2010 Claiming Williams event
“Everyone does it” – The Alcohol Culture at Williams
Using specific student comment cards about Williams alcohol culture, we will discuss how this culture relates to issues of sexism, classism, racism and homophobia on campus. We plan to highlight these as well as have an open conversation about how alcohol is seen as a natural and necessary part of the Williams culture. For some, the use of alcohol has prevented students from being able to ‘claim’ Williams; for others, alcohol use has enhanced students’ experience of Williams. We would like to explore the wide breadth of opinions between them.
Film: The Philosopher Kings
In search of wisdom found in unlikely places, The Philosopher Kings takes us on a journey through the halls of the most prestigious colleges and universities in America to learn from the staff members who see it all and have been through it all: the custodians. This thought-provoking, feature-length documentary interweaves the untold stories of triumph and tragedy from the members of society who are often disregarded and ignored, and seeks out the kind of wisdom that gets you through the day and the lessons one learns from surviving hard times, lost loves, and shattered dreams.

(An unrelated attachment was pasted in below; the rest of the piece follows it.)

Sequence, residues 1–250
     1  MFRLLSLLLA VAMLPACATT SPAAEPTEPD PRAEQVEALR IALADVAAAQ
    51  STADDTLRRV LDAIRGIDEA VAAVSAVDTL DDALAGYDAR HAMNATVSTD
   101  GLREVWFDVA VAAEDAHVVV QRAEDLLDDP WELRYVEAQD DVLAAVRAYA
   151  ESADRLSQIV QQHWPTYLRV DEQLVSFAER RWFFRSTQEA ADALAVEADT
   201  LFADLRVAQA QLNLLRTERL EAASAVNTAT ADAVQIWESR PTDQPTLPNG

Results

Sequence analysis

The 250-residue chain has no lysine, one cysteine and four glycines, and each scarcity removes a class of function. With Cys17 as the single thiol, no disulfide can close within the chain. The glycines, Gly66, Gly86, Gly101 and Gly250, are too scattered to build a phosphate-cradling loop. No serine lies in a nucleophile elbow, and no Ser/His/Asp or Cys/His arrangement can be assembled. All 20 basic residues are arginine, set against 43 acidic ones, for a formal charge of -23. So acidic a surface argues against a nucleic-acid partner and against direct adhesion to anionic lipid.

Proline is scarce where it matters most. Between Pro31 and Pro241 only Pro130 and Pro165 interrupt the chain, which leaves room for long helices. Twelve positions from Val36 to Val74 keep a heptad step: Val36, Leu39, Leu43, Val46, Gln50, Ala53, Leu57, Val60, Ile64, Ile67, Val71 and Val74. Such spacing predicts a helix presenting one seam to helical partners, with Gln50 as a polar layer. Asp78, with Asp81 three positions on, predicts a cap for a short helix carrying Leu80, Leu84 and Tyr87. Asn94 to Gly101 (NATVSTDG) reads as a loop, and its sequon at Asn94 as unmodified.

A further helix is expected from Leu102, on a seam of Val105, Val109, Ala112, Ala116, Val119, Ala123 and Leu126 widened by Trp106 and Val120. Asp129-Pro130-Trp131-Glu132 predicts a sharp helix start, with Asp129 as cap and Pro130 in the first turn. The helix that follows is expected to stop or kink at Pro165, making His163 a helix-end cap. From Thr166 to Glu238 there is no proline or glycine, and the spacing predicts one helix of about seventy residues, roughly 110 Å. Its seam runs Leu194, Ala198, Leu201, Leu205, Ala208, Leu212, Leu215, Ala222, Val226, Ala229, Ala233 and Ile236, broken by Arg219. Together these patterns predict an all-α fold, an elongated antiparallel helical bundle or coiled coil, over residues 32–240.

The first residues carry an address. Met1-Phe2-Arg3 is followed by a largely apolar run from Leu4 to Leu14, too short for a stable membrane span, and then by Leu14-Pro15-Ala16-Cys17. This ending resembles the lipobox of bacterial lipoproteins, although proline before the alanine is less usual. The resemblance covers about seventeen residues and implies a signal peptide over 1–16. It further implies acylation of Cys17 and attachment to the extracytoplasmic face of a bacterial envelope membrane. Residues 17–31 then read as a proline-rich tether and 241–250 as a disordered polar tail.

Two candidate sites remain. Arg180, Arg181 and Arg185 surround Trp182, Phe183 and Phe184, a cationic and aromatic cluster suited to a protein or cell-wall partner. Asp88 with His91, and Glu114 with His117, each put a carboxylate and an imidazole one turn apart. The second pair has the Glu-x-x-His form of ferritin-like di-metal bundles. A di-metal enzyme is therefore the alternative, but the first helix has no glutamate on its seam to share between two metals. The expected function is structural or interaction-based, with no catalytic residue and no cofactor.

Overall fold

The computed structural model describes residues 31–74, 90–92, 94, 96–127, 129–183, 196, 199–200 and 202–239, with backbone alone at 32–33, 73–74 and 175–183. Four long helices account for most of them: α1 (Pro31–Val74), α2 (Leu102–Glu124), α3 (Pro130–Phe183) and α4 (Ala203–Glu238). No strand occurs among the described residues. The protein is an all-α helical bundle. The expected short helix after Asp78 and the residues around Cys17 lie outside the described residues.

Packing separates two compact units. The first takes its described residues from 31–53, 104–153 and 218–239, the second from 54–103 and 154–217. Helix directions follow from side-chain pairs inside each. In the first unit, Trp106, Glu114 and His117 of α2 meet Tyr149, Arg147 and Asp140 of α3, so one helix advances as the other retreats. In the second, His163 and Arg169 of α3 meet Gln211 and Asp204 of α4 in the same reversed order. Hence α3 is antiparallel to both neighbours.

From the producers of the multiple-award winning Flight from Death, The Philosopher Kings gives us the opportunity to learn from eight incredible individuals whom we would never have otherwise taken a moment out of our day to acknowledge.
Standing Together: Williams Voices
Through audio recordings inspired by the national StoryCorps project, several pairs of Williams community members will share short stories about how their relationships bridge differences in gender, class, sexuality, race, ethnicity, and/or religion.
Poet and social activist Muriel Rukeyser said, “The universe is made of stories, not of atoms.” The power of stories cannot be understated, and Williams stories are no exception. By listening to a collection of short audio recordings made by Williams duos whose relationships have dealt with differences in gender, class, sexuality, race, ethnicity, and/or religion, we will learn more about “who” is Williams.
CenterStage, ’62 Center